Having been born and raised in Vermont in the 1960s and 70s, I remember the state always being environmentally aware and active in the sense of clean water, clean air and beautiful landscapes. The drive behind this traditional environmentalism came from the natural beauty of the state’s rolling green hills, mountains, lakes, forests and rural charm. There was always a desire to protect and preserve.
I’m no photographer, but here are a couple of shots I took of Vermont awhile back.
Near Craftsbury, Morey Hill Rd. I own a one and a quarter acre lot about a mile away.
The “climate rescuers” want to industrialize these areas. Town Hill Rd. Wolcott
View from the top of Mt. Mansfield, just under the clouds.
I remember many long walks along gravel roads like the ones pictured above when I was a boy.
In the 1970s environmentalist kooks started pouring into the state from places like New York, Massachusetts, New Jersey and Connecticut. With them they brought an extreme strain of environmentalism, and lots of connections to big business and financiers.
Before too long a mission of a much higher order took hold: the world climate had to be rescued, whatever it took. And the only way to protect Vermont’s way of life and icons like maple syrup, ski industry and fall foliage season (what Germans like calling “Indian Summer”), they told us, was to build huge industrial wind turbines on Vermont’s mountain tops. The slick environmentalists somehow managed to convince the citizens to enter this madness.
And politicians, always the first to be duped, took it in hook, line and sinker. Old US Senators like Jim Jeffords, Pat Leahy and Bernie The Kook Sanders, who years earlier had warned us that rain was threatening our mountains and forests, led the way and suddenly became huge proponents of mountain top wind power. Soon construction companies and power companies began cutting down forests and blasting mountain tops in order to make way for the 500-foot monster wind turbines. Vermont patted itself on the back, believing it had become a global leader, role model and hero in “climate protection”.
Ethan Allen rolled in his grave.
Today, now that some windparks have been erected on mountains tops just a couple miles from my hometown, Vermont residents are starting to wake up, and many are truly shocked by the ugly reality of industrial wind energy. Citizens are realizing the wool had been pulled over their eyes.
Website Energize Vermont here reports that Vermont state senators Joe Benning and Bob Hartwell have drafted a bill calling for a moratorium on wind energy in the green mountain state. It’s high time.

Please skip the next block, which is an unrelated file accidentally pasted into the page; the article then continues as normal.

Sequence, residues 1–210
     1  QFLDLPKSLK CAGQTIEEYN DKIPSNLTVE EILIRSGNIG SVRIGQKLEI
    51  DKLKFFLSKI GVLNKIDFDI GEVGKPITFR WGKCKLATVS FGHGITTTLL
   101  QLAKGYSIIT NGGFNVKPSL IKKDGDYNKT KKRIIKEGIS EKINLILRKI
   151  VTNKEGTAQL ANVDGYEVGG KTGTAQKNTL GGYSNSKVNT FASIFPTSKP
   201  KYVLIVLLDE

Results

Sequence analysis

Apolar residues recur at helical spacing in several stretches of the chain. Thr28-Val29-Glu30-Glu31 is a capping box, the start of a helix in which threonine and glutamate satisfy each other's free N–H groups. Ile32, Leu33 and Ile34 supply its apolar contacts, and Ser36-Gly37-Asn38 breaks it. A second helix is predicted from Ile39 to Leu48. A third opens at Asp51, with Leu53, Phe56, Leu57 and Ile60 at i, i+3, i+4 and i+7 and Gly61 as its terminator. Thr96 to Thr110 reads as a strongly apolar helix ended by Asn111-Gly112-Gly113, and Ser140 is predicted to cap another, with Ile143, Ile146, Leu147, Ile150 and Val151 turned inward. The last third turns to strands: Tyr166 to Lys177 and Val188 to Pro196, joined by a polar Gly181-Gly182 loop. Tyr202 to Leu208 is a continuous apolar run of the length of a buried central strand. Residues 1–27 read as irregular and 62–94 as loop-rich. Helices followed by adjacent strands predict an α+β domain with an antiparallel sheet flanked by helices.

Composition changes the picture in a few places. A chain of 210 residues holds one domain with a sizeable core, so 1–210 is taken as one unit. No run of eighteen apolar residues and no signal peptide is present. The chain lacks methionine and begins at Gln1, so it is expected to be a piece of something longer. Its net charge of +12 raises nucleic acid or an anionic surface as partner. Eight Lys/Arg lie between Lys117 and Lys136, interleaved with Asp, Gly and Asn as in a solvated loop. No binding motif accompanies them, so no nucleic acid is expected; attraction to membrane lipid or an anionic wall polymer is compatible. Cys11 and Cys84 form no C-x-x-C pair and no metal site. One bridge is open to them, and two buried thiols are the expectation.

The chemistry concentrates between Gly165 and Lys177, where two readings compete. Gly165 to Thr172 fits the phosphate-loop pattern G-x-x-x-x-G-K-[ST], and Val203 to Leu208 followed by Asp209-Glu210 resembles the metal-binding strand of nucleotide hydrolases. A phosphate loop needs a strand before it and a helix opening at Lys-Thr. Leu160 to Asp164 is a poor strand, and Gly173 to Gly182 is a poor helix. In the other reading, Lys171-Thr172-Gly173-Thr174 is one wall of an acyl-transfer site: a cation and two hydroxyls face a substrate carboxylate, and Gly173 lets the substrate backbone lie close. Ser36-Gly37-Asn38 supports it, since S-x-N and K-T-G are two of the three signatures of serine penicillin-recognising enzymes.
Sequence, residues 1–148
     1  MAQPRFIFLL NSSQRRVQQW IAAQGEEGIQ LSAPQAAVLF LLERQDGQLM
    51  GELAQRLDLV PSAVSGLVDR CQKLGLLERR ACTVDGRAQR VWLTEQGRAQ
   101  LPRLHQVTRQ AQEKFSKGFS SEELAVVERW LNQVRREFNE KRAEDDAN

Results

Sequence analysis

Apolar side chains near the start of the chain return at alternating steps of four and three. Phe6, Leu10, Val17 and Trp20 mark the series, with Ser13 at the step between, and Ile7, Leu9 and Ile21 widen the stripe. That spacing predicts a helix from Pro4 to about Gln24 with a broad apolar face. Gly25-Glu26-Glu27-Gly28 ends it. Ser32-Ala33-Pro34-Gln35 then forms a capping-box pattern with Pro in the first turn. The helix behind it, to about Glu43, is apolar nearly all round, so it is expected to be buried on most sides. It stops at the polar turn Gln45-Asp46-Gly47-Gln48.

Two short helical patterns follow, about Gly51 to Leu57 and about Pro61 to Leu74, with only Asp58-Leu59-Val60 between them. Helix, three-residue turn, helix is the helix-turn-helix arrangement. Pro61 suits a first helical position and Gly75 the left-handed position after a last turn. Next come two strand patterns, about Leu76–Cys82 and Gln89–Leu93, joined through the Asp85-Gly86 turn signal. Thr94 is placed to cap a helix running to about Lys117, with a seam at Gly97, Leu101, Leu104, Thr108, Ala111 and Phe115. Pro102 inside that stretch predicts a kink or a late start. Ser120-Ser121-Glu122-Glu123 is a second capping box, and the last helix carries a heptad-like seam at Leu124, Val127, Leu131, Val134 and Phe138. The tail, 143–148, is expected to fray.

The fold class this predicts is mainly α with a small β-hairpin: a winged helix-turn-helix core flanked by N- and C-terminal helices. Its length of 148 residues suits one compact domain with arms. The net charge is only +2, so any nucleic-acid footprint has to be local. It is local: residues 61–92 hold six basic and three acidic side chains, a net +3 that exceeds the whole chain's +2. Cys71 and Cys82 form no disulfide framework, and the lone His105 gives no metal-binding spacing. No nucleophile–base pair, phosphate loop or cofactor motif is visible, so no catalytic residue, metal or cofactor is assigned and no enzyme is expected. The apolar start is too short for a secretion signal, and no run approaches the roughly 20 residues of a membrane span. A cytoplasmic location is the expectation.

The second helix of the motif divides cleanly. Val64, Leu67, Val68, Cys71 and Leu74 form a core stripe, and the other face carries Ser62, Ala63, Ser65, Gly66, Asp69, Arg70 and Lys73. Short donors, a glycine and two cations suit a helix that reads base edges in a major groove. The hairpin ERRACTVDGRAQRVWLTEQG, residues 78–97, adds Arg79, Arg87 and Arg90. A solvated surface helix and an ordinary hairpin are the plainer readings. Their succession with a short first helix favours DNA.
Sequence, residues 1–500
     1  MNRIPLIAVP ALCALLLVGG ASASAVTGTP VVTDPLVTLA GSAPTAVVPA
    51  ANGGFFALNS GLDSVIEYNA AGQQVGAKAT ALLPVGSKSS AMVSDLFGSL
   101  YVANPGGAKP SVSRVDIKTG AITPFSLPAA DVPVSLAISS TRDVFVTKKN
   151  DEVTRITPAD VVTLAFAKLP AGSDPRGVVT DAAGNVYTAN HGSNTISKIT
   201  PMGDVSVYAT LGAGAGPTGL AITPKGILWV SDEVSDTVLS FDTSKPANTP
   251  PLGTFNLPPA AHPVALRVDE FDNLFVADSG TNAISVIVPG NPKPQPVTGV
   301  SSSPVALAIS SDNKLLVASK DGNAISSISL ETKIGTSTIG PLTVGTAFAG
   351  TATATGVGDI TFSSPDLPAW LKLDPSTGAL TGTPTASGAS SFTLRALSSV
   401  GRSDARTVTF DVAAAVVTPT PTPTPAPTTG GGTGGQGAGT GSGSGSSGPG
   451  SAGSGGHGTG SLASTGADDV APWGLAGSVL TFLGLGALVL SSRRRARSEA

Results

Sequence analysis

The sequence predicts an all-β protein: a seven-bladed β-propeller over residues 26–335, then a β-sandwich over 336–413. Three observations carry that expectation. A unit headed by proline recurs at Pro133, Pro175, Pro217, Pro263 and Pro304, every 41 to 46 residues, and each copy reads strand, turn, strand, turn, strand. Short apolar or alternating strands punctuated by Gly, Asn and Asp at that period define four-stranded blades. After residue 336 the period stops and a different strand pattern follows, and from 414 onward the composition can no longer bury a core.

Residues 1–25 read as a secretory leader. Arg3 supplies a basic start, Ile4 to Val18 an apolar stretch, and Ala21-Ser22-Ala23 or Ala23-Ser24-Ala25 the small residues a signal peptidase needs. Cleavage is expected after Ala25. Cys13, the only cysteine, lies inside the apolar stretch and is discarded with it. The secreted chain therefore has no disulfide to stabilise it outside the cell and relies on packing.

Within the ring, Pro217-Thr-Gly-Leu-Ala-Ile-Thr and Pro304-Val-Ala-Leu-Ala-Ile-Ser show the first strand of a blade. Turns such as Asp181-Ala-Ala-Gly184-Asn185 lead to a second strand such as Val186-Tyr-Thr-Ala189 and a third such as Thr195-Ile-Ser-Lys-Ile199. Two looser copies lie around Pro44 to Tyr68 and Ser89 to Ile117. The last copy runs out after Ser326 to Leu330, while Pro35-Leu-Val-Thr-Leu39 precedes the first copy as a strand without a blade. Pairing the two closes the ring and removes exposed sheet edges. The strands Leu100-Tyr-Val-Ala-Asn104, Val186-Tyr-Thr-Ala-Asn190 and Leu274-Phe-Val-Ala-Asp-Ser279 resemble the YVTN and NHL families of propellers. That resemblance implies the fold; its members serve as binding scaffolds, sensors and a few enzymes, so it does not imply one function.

What follows is a video of the press conference by these senators presenting a powerful case:
At 6:47 Benning:
The problem ladies and gentlemen is our Public Service Board has gone from its original mission of trying to determine whether or not a public good can be sustained when electric power is available, it itself can be sustained, and is inexpensive. That was the original intent of the Public Service Board. That mission has morphed into ‘industrial wind is renewable, and therefore it is good. We must build it now. We must build as much of it as possible and we igonre this kind of environmental destruction and the social upheaval that comes with it’.”
Disappointingly, the senators still believe in all the climate change crap and they advocate other silly energy sources that wouldn’t fulfil the Public Service Board’s original intent. But progress is slow at times, and I suspect they’ll have to get burned by every type of worthless renewable energy before they do finally learn. I’m sure there are plenty of people who are already telling them that solar and biogas are crap, too. Do you think they are listening?
We’ll have to be patient.
No matter, note the loud applause when Benning points out that mountain mutilation “is not right”. A few years ago such a reaction would have been unimaginable. There’s thunderous applause throughout the press conference. The growing momentum is palpable.
It’s interesting to listen to the comments of the senators. I can’t believe that they had not been told about the problems with wind energy earlier.
I don’t know what the situation is like in WUWT’s Ric Werme’s state of New Hampshire, Vermont’s sister state.
Please feel free to Send e-mails of support to any Vermont leader Senators with links to interesting stories we’ve discussed here in Europe, like: http://www.spectator.co.uk/features/8807761/wind-farms-vs-wildlife/ or http://www.ref.org.uk/press-releases/281-wearnandntearnhitsnwindnfarmnoutputnandneconomicnlifetime